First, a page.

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​5 Things You Should Know About Powdered Alcohol

In March, the U.S. Alcohol and Tobacco Tax and Trade Bureau approved the sale of powdered alcohol, or Palcohol, as it’s known. This is a concern in any season, but with proms and graduations around the corner, it’s important for parents to understand and discuss the dangers of this product with their children. Here are five things you should know about this product:

1. Palcohol is a freeze-dried version of drinks like Cosmopolitans or plain vodka. They come in 4- by 6-inch packages that weigh an ounce and are equivalent to a shot. To make an average-sized drink, you simply add water or a mixer and shake. They may sound innocent — the drinks’ creator said he “wanted a lighter way to pack a few drinks” for the outdoors — but the product is controversial.

2. A number of addiction experts are quite concerned. Dr. Harris Stratyner, PhD, vice president of Caron Treatment Center in New York, told WebMD that he fears Palcohol “will lead to increased alcohol and drug abuse, with serious implications and health consequences for the country’s youth.” Other experts have agreed, saying that it might attract young people trying to impress their peers. Dr. Stratyner pointed out there’s also the danger of snorting it or combining it with other drugs, such as cocaine, heroin, or marijuana, which can be especially dangerous.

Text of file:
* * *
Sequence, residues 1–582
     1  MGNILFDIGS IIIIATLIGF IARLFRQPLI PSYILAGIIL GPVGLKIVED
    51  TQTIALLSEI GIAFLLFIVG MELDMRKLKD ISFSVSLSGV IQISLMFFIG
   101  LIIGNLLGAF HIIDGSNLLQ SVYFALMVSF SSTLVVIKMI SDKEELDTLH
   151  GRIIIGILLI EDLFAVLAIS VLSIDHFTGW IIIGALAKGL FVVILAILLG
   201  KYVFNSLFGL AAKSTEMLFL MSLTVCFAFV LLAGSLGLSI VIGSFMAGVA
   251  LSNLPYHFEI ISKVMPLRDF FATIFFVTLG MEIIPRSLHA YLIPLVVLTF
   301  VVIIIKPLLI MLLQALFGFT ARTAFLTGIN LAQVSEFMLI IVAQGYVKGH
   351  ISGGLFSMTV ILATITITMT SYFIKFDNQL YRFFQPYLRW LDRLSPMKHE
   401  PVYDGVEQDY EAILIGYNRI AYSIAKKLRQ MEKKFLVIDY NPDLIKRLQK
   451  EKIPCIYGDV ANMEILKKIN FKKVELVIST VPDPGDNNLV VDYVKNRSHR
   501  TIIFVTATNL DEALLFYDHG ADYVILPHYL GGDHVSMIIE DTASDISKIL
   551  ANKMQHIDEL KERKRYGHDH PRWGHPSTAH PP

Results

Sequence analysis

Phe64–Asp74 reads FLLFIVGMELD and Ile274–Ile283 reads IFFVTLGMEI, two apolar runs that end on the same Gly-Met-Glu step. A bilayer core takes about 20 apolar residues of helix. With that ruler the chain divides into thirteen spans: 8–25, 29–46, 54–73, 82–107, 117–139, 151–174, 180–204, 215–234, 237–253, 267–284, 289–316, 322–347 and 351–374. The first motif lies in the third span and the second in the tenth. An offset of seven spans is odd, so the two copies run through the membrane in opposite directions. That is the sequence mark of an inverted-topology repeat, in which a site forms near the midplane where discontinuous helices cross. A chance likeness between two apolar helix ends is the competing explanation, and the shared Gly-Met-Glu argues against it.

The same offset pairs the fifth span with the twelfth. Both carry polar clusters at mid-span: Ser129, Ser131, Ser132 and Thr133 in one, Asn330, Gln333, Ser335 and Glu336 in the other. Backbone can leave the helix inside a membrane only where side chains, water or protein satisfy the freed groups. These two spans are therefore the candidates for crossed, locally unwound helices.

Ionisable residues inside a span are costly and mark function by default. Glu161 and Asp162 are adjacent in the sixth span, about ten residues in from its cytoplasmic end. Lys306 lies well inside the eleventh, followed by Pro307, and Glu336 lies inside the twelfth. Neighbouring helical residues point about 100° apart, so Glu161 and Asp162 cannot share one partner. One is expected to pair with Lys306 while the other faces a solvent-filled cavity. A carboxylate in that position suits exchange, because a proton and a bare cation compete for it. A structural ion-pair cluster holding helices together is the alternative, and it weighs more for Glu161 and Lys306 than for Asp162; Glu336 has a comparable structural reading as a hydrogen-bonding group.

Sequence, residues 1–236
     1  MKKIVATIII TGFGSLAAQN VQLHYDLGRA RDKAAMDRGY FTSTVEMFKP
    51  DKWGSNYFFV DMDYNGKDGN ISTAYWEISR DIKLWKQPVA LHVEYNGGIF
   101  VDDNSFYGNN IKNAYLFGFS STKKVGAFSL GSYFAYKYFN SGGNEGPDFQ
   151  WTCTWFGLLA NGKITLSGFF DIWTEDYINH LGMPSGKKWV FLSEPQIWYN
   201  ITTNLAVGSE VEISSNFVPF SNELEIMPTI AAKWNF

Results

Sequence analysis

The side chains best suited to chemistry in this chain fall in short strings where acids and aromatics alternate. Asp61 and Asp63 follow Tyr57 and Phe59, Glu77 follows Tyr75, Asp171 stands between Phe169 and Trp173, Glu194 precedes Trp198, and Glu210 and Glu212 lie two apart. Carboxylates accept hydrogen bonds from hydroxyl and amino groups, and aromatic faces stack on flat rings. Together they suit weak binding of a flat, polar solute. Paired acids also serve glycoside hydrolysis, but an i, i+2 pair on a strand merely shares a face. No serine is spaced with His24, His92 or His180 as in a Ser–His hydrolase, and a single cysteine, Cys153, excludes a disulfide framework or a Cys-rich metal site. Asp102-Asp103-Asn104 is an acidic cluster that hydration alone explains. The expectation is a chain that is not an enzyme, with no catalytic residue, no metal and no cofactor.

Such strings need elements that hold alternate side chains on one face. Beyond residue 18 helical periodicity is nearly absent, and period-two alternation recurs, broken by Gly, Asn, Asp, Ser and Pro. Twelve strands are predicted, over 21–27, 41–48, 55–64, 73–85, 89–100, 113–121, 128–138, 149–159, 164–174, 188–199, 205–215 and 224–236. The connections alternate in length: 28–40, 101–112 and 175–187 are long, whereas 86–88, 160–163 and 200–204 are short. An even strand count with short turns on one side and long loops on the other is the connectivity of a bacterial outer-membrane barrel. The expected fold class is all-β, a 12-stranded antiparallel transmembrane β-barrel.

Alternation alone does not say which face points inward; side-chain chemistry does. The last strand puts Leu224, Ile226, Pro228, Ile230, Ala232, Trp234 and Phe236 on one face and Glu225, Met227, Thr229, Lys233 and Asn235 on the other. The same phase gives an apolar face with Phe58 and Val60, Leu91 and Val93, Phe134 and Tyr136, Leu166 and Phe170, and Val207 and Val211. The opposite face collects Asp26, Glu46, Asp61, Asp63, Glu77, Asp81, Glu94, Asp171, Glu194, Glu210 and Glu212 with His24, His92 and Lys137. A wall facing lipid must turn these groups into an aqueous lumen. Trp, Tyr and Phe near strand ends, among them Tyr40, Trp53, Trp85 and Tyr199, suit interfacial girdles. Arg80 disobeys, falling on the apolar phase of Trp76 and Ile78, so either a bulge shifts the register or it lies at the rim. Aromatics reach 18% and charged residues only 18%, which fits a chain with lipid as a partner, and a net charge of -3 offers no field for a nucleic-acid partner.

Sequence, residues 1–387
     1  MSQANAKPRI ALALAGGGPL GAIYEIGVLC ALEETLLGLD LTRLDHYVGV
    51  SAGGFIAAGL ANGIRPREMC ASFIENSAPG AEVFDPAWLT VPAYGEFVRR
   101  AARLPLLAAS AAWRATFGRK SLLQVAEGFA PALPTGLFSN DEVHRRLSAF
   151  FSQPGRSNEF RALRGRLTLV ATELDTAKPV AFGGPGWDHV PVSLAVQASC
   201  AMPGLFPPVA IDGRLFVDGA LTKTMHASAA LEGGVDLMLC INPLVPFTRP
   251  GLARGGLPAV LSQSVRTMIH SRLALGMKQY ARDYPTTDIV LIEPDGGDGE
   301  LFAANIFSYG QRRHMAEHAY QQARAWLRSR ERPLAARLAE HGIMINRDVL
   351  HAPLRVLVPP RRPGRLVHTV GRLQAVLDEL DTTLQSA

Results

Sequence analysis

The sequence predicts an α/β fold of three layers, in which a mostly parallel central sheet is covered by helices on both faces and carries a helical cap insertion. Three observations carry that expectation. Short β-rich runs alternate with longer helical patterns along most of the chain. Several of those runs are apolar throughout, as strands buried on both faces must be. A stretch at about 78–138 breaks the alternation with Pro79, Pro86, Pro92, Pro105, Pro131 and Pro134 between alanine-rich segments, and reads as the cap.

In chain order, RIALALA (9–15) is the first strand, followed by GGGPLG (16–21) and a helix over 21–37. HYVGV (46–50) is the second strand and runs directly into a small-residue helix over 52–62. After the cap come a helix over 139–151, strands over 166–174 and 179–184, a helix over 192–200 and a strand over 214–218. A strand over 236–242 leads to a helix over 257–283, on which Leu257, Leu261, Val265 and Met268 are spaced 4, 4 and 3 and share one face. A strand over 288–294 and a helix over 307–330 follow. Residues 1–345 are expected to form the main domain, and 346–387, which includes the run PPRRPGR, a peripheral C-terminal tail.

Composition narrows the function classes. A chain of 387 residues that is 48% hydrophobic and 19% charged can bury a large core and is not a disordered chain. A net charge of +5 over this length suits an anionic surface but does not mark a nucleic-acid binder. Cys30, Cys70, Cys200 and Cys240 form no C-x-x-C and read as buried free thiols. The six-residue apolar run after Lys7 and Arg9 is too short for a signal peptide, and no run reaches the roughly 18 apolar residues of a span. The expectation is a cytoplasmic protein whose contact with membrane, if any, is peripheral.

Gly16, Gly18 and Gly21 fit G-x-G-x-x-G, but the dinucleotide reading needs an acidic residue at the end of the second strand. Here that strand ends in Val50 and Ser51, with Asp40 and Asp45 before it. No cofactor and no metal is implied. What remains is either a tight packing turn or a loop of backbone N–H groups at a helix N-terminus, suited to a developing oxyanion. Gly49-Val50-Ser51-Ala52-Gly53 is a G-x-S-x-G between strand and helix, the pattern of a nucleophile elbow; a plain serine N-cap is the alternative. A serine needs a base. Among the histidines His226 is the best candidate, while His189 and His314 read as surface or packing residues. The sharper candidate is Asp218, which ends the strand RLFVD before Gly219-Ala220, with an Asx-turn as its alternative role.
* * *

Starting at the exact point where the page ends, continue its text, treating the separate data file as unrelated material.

3. Because of the Palcohol’s composition, it will be easier to sneak it into concerts and other venues where alcohol is banned, said Petros Levounis, MD, chairman of the Department of Psychiatry at Rutgers Medical School, in a Medscape article. The packaging may also tempt people in recovery to relapse since it’s so easy to conceal.

4. Some experts believe that not enough is known about this product to consider it safe. In the same Medscape article, Dr. Levounis observed that Four Loco, a combination of alcohol and espresso, was proven dangerous since it allows people to continue drinking past the point where they may have simply fallen asleep. (Four Loko was reformulated after complaints.) Dr. Stratyner noted that after Palcohol was initially approved, that approval was rescinded.

5. Lawmakers are taking action. Although the product has been approved on a federal level, Palcohol is still subject to state regulations. According to WedMD, as of March five states had banned sales of Palcohol, and 28 had proposed legislation to ban or regulate it. Last month Senator Schumer (D-NY) proposed federal legislation to ban it.

Underage drinking is extremely dangerous and is linked to a greater risk of developing future alcohol problems. If you think your child may have an issue with alcohol, we can help. Learn more about our residential, age-specific assessment programs.